Housed in a former factory in the heart of Stockholm, the Misschiefs Takeover exhibition champions a more diverse and experimental approach to design than Sweden is traditionally known for.
Designers including Lotta Lampa, Kajsa Willner and Monica Förster have created a range of offbeat, self-motivated pieces that include characterful glass totems, a flame-like fibreglass bench and a series of slush-cast vases.
Misschiefs started out as a feminist collective, launched by Bjäringer in early 2020. The Swedish curator had recently moved to Stockholm, having spent most of her life in France, and was shocked by the lack of diversity visible in the city’s design scene.
“I thought it was quite male, boring and white,” she told Dezeen. “I wanted to present a more punk side of Swedish design.”
As Bjäringer got to know the city better, she found that the variety was there – it just needed a better platform.
Although she hadn’t intended to focus exclusively on women, the curator found that female designers were producing some of the most exciting ideas. So she decided to form Misschiefs as a collective of “womxn”, inclusive of trans and nonbinary women.
The current Misschiefs Take Over exhibition opened this week, as part of Stockholm Design Week, but Bjäringer and her team have been occupying the former laundry factory on Linnégatan 4 since August.
As well as being an exhibition space for completed projects, it has given artists and designers – many of whom lost their studios in the financial downturn of the Covid-19 pandemic – a space where they could produce work.
“Since I was in touch with all these women designers and artists who had been really badly hit by the crisis, it became very personal,” said Bjäringer. “It became a rescue operation.”
Some of the eight designers participating in the current exhibition have been involved since the beginning, while others are working with Misschiefs for the first time.
Lotta Lampa is presenting a series of large-scale pieces that include the Burns Out bench, which takes inspiration from “motif-painted raggar cars,” a take on the American 1950s hot rod cars that spawned a mainly countryside-based subculture in Sweden.
Malmö-based Kajsa Willner is exploring ways of minimising material consumption with her Emulate Nature vases, which she casts in tin using the scraps left over from her previous casts.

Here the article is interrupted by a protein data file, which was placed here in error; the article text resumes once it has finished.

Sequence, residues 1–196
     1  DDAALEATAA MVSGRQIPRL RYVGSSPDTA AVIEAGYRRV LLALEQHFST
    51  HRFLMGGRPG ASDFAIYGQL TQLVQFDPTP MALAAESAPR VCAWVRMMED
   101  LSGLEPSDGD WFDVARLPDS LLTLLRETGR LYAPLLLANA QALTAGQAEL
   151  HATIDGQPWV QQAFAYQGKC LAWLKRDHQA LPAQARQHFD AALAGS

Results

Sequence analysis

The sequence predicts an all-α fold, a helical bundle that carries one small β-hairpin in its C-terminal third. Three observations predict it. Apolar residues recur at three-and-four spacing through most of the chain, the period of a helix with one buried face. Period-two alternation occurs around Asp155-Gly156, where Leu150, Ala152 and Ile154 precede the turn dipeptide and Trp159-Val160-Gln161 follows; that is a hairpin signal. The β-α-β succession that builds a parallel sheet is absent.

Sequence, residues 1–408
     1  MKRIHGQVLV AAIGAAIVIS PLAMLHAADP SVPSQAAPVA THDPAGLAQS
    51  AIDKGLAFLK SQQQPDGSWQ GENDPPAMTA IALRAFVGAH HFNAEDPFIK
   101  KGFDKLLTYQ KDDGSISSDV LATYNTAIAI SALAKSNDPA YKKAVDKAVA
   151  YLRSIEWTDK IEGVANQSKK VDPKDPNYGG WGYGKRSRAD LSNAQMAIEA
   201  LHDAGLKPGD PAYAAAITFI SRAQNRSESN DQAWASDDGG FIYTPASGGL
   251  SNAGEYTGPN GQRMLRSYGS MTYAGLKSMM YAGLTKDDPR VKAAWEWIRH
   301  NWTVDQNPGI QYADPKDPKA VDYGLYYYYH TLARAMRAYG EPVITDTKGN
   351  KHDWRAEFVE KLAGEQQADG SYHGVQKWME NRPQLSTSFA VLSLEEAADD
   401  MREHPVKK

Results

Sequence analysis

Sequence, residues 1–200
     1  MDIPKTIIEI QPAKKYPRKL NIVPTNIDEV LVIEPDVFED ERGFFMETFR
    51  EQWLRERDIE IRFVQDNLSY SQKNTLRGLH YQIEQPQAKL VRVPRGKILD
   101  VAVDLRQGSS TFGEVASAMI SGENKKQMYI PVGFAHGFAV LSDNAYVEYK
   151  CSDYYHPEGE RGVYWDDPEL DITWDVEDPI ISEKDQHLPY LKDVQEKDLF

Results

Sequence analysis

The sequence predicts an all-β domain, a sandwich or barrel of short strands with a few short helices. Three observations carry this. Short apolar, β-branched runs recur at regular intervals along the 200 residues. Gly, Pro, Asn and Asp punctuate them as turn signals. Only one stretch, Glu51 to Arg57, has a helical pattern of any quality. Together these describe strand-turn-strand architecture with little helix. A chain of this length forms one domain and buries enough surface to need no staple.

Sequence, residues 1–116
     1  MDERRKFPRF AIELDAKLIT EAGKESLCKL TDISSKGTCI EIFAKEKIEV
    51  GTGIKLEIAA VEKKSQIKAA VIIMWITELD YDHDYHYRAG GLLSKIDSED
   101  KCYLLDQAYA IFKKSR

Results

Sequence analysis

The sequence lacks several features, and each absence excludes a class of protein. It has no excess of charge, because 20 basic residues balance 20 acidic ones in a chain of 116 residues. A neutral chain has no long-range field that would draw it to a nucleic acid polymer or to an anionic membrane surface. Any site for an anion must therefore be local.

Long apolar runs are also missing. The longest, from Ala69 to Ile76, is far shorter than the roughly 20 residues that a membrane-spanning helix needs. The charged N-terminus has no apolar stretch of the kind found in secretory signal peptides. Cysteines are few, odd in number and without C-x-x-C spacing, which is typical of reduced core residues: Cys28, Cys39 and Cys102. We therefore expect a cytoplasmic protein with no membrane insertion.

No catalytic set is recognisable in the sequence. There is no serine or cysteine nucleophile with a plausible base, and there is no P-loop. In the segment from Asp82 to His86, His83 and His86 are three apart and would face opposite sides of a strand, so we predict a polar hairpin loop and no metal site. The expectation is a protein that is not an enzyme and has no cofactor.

The glass totems were created by artist Frida Fjellman, using materials leftover from a sculpture she made for the National Museum, while Färg & Blanche co-founder Emma Marga Blanche worked with her partner, Fredrik Färg, to create a cabinet using a new textile they call “burn lace”.
Other exhibits include a hand-carved wooden stool by Monica Förster, a seemingly anatomical wall hanging by Maja Michaelsdotter Eriksson, Isa Andersson’s lamps made from nylon stockings, and Sara Szyber’s Check Mates armchairs.
Bjäringer won’t take commission for works sold through the exhibition, as she runs Misschiefs as a non-profit organisation. This is possible because the exhibition space has been given to her rent-free by a real-estate company sympathetic to her ambitions.
Misschiefs will continue to occupy this 500-square-metre space until March. With its city centre location, Bjäringer says it has already become a meeting point for creatives in the city.
With Stockholm Furniture Fair not taking place this year, it is one of the few large-scale exhibitions taking places during Stockholm Design Week.
“It’s become more of a human story than just a story about the objects,” said Bjäringer.
“In a pandemic time, where we have this big debate over whether culture is a luxury or a necessity, it has become a battle flag for cultural diverse art in Stockholm.”
Misschiefs Takeover is taking place from 9 to 13 February, as part of Stockholm Design Week. See Dezeen Events Guide for an up-to-date list of architecture and design events taking place around the world.
Photography is by Daniel Camerini.
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